A loss is a loss, but the Week 8 loss to the Rams is the best loss of the season since the opener.
The Bengals did a lot of things right. The offense gained over 400 yards, ran the ball for almost double their season average, and won the time of possession battle.
But there were some things that they didn’t do so well. For one, they gave up almost 400 passing yards, and looked totally incapable of stopping the pass. They also turned the ball over on downs twice inside the Rams’ ten yard line. It was good that they even got down there in the first place, but if they came away with zero points each time, then it was all for nothing.
The Bengals get a week off this week, so they’ll have time to rest up and get some key players back.
What did the Bengals learn from the 24-10 loss to the Rams?
Tyler Eifert got hot
Tyler Eifert got six catches for 74 yards on Sunday, which is the best production he’s had since he had the exact same production in Week 3 of last season. He’s finally back to his regular self, out gaining his previous season high in yardage by nearly 50 yards.
Eifert played for 72 percent of the teams’ snaps, which is more than Joe Mixon had. You gotta figure that’s about what we would expect out of him if he was 100 percent healthy all of the time.
Pessimists will say the Bengals just increased his load so they could showcase him before the trade deadline. We’ll see if that’s the case, but if not then there’s no reason they shouldn’t use him like that if he suits up for the Bengals against the Ravens on November 10th.
Eifert’s production this week should demonstrate a valuable lesson to the Bengals: use what you have.
Over the past few weeks, Dalton just seems he’s almost exclusively looking for Tyler Boyd. Even though Boyd is a great receiver, but this meant that teams took him away and forced Dalton to look somewhere else. At times Auden Tate and Alex Erickson have stepped up, and in this case it was Eifert who benefited. This shows that Dalton needs to spread the ball around to keep the defense on their toes.
The good news is that A.J. Green is supposed to be back on the other side of the bye week. Dalton should have Green, Boyd, Eifert, and Tate at his disposal. This won’t solve all their problems, but should make it easier to move the ball down the field.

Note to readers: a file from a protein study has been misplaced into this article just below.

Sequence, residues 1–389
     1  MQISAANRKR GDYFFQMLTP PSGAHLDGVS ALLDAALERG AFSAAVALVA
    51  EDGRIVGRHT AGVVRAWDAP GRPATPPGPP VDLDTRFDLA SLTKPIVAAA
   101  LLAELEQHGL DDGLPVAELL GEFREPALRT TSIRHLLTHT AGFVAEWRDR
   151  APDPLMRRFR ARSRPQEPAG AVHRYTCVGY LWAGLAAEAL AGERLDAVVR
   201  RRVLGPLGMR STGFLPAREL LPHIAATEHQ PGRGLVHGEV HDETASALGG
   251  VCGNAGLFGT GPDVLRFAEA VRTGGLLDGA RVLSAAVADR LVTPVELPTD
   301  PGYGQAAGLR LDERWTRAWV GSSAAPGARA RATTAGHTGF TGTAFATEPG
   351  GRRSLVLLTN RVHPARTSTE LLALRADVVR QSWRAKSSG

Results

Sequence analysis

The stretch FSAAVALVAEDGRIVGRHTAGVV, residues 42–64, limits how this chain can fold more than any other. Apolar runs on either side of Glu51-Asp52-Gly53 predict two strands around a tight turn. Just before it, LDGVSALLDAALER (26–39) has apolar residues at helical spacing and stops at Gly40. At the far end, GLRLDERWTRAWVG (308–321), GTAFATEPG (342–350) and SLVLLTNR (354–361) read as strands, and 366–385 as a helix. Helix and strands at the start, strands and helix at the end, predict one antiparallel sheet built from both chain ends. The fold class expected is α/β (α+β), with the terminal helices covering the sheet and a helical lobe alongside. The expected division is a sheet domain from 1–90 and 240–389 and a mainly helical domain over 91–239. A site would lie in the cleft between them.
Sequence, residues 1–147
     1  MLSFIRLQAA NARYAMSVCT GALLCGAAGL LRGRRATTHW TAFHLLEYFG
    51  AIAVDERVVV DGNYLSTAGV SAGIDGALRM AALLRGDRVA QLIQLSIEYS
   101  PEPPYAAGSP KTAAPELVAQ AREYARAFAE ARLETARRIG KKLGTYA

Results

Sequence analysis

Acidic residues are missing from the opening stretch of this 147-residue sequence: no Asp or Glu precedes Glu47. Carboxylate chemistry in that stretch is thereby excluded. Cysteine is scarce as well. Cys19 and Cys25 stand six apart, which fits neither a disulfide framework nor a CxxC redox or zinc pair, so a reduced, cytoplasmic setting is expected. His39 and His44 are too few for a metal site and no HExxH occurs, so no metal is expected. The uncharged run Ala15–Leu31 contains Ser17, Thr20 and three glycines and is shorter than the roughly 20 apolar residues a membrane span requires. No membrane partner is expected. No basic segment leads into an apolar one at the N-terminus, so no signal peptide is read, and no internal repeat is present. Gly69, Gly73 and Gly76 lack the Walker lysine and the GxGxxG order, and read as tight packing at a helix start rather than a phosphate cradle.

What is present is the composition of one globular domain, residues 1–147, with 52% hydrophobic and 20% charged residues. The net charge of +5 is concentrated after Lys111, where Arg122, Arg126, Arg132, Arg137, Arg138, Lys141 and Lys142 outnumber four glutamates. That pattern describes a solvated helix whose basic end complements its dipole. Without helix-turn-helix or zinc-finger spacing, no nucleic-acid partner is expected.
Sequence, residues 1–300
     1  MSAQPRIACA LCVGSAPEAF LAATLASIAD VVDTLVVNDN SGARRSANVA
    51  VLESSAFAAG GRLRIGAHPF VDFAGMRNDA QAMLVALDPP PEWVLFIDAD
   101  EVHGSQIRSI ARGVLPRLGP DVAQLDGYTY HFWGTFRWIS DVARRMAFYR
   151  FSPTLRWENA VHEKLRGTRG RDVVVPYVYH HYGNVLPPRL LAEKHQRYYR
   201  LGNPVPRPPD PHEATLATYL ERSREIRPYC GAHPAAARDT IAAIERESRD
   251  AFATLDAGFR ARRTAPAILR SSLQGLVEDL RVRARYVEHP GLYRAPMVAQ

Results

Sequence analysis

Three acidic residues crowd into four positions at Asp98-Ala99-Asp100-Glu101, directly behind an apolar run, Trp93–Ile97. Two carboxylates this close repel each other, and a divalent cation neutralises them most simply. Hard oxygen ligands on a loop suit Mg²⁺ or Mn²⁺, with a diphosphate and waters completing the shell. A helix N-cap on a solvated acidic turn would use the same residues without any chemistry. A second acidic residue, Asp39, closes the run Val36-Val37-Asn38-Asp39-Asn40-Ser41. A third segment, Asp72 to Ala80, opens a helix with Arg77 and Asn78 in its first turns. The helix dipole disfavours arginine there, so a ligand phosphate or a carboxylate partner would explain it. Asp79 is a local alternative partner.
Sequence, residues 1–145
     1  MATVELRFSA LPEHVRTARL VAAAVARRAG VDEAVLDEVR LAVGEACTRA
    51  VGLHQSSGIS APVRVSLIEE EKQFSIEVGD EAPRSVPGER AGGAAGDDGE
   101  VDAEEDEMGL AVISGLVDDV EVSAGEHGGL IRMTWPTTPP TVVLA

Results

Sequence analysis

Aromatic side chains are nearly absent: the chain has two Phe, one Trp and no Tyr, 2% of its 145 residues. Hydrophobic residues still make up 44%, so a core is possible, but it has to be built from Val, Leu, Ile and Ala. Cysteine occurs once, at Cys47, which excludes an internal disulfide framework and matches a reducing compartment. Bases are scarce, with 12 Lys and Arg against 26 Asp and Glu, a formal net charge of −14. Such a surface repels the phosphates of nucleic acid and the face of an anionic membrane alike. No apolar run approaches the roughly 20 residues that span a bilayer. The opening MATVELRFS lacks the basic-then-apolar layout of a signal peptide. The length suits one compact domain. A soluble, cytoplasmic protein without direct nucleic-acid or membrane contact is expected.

Lou Anarumo lost the chess match to Sean McVay
Cooper Kupp had a game, and he may be the best receiver the Bengals have seen this season. He was a huge part of the Rams’ game plan, as he hauled in seven of ten targets for 220 yards and a touchdown.
To give some credit to Lou Anarumo, he just lay there and take it. He really tried.
The Bengals tried covering Kupp with one-one-one coverage with Tony McRae. That didn’t work. So then they tried zone coverage. Kupp settle right in between the zones and scored on a trick play. Then the Bengals tried man coverage, but doubling Kupp with a safety. He still made plays.
Sean McVay ripped this defense apart, but the Bengals were probably looking in the wrong direction defensively.
The manual on how to beat Jared Goff is out there. Even the Buccaneers (yes, those Buccaneers) figured it out. You have to disguise your looks and confuse Goff.
The Bengals did this once, and three defenders dropped a near interception.
The rest of the time, the Bengals just let the play develop the way McVay drew it up. The Bengals’ ended up giving up 470 total yards on the day, so it’s not hard to see who won that battle.
So while Anarumo tried, it just wasn’t enough. He couldn’t go toe-to-toe with McVay in the chess match.
Adjustments are a real thing
We finally have a head coach who makes adjustments, and it’s paying off—at least, a little bit.
It’s no coincidence that the Bengals’ decreased the number of rushing plays every quarter. While the running game was off to a good start, the Rams started adjusting and stopping the run.
The only problem with that is the Bengals didn’t start making counter adjustments until it was too late. They were so dependent on the run in the third quarter that they couldn’t move the ball.
As always, they had things figured out by the fourth quarter, but by then it was too late.
Just like the way McVay was continually beating the Bengals’ defense, Zac Taylor needs to figure out how to keep making counter adjustments for his offense.
Taylor needs to get some lessons from his former boss, since it seems to be working out well for McVay.